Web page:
What’s so special about Westminster Abbey?The earliest report of a church on the site of Westminster Abbey was in the 960s or 970s, but the links between the site and the Royal Family date form 1042 when Edward the Confessor rebuilt the church in the Romanesque style - it was completed a week before his death and he was the first royal to be buried in the church. It was later the site of the coronation of William the Conqueror and has been the site of all the coronations of English monarchs ever since. The current building was begun in 1245 but has been added to throughout the centuries, with the most recent building work completed in 2013. It’s not just been the site of Royal coronations but also weddings, including Queen Elizabeth II’s to Prince Philip and Prince William’s marriage to Kate Middleton, and funerals, including the Queen Mother and Princess Diana. It’s considered a particular honor to be buried inside Westminster Abbey, with places reserved for national figures from various disciplines. It’s also been a UNESCO World Heritage Site since 1987.
Why isn’t it a cathedral? And what’s an Abbey?Westminster Abbey is technically neither an abbey or a cathedral. It’s known as an abbey because it was originally a Benedictine monastic church, with the Abbot of Westminster holding an important position in the House of Lords. On the dissolution of the monasteries by Henry VIII in 1539, and he granted it the status of a cathedral instead, which saved the building from being destroyed in the manner that many other convents, monasteries, and abbeys around England were. His Catholic daughter Mary I gave the building back to the Benedictines, but after her death they were kicked out yet again by Elizabeth I, who was a Protestant. She established the building as a ‘Royal Peculiar’ - a church which answers directly to the monarch rather than to a bishop, and it’s retained that status ever since.
What's there to see at the abbey?The abbey is large, with many side chapels and naves to explore. You can find all manner of tombs and memorials in Poets’ Corner, the Lady Chapel, and throughout the main body of the church, and lovers of science and literature will be sure to discover the resting place of one of their heroes. You’ll also see the coronation chair, in which monarchs have been crowned for over 700 years, the Quire, where the choir sings during services, the ancient Pyx chamber, the Chapter House, and the Abbey gardens. For an additional fee, you can visit the Queen’s Diamond Jubilee galleries in the stunning 13th-century triforium of the church, where you can see the abbey’s treasures. These include an illuminated 14th-century guide to coronations, a medieval altarpiece, and the royal marriage license of Prince William and Kate Middleton.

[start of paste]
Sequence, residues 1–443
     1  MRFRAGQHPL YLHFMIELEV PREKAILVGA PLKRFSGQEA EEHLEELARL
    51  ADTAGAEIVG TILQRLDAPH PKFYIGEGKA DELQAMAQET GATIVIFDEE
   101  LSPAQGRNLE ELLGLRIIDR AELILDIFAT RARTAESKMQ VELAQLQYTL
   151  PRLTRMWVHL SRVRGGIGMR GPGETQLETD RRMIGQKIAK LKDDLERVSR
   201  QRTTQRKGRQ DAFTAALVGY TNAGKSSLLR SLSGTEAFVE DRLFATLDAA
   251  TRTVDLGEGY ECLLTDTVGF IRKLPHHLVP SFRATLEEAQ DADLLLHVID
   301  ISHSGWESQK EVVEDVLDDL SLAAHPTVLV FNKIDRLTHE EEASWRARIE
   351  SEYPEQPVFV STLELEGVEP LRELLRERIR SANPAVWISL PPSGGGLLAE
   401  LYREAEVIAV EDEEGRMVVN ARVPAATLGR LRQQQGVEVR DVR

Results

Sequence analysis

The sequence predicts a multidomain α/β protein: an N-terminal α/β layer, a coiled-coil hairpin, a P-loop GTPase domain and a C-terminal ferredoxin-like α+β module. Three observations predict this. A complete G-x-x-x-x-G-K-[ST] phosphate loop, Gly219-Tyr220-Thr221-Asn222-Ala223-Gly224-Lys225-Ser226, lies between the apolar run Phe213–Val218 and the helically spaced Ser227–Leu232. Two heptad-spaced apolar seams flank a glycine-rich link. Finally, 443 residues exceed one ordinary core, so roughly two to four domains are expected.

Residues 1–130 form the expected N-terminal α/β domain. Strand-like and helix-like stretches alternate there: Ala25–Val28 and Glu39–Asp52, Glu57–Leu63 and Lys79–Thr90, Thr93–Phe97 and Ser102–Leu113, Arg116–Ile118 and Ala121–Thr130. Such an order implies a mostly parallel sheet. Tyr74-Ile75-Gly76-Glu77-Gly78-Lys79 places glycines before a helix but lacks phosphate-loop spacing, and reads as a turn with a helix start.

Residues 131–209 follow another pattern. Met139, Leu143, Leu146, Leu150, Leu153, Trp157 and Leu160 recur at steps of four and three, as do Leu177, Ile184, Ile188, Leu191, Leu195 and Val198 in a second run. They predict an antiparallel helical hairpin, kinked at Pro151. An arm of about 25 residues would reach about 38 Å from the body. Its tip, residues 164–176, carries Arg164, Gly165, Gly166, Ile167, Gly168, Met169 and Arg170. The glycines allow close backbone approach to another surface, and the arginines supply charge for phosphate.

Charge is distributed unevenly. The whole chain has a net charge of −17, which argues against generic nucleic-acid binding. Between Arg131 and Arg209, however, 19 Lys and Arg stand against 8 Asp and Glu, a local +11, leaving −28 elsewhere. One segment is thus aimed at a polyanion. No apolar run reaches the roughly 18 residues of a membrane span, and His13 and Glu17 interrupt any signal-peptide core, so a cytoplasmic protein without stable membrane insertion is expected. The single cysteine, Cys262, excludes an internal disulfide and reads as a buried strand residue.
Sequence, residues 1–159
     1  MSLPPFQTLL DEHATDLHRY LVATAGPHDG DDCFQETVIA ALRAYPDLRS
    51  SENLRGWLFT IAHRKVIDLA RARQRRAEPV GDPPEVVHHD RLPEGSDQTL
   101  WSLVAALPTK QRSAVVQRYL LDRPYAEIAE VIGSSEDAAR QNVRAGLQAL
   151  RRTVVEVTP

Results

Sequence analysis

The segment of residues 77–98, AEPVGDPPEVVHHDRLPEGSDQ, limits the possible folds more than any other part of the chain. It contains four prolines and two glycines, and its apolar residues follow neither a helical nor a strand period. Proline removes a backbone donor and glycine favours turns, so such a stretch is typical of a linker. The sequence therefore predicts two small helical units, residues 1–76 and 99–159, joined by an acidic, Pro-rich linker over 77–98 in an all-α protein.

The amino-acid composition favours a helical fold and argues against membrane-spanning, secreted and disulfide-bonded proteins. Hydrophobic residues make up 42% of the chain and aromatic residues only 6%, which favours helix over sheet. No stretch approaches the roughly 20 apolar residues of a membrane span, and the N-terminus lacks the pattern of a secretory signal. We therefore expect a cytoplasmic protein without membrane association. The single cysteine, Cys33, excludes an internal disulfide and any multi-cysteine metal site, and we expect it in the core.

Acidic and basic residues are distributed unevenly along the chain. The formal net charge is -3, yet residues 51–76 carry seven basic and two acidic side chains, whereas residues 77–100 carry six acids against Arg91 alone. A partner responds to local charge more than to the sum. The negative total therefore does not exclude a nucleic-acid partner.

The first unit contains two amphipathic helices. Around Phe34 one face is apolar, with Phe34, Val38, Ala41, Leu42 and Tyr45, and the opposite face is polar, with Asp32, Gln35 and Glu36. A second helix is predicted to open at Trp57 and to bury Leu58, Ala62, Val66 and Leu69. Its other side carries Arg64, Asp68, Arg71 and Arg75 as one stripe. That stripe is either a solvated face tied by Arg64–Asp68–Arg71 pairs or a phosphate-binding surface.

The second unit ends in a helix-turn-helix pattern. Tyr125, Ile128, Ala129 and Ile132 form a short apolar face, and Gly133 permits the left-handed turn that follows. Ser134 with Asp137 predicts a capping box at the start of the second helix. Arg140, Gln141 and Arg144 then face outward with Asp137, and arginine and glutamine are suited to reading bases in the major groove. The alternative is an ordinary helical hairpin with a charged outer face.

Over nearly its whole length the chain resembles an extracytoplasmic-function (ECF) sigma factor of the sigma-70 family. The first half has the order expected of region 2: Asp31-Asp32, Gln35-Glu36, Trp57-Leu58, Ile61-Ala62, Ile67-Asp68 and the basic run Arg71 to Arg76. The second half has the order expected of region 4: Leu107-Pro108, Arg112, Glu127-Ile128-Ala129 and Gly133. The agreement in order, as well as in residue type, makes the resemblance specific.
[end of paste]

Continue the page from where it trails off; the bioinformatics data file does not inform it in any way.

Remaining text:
Who’s buried inside the abbey?There are more than 3,000 individuals whose remains are interred in Westminster Abbey. Many of England’s monarchs and their consorts were buried in the Abbey, including Henry VII, his granddaughters Mary I and Elizabeth I, James VI (or James I), the first king of both Scotland and England, and Mary, Queen of Scots. Other notable British figures buried in the abbey include Charles Darwin, Stephen Hawking, and Isaac Newton. Poets’ Corner is mostly home to writers and poets including Charles Dickens, Geoffrey Chaucer, Thomas Hardy, Rudyard Kipling, Alfred Tennyson, and Laurence Olivier. Poets’ Corner is also home to a memorial stone featuring the names of 16 Great War poets who wrote during World War I. Many other notable figures from British history have memorials in the abbey but are buried elsewhere, some to look out for include Jane Austen, Lord Byron, Winston Churchill, C.S. Lewis, and Oscar Wilde. Oliver Cromwell was originally buried in Westminster Abbey, but after the restoration of the monarchy, his remains were removed and buried in a pit in the nearby St Margaret’s churchyard.
How long does a visit take?The length of time required to visit depends on whether you’re using the multimedia guide, taking a tour, or wandering through the space by yourself. A tour with a verger takes 90 minutes, and we’d recommend about the same amount of time if you’re intending to discover everything inside the Abbey and visit the Queen’s Diamond Jubilee galleries. There’s no time limit on how long you can stay inside the church, so you don’t have to rush.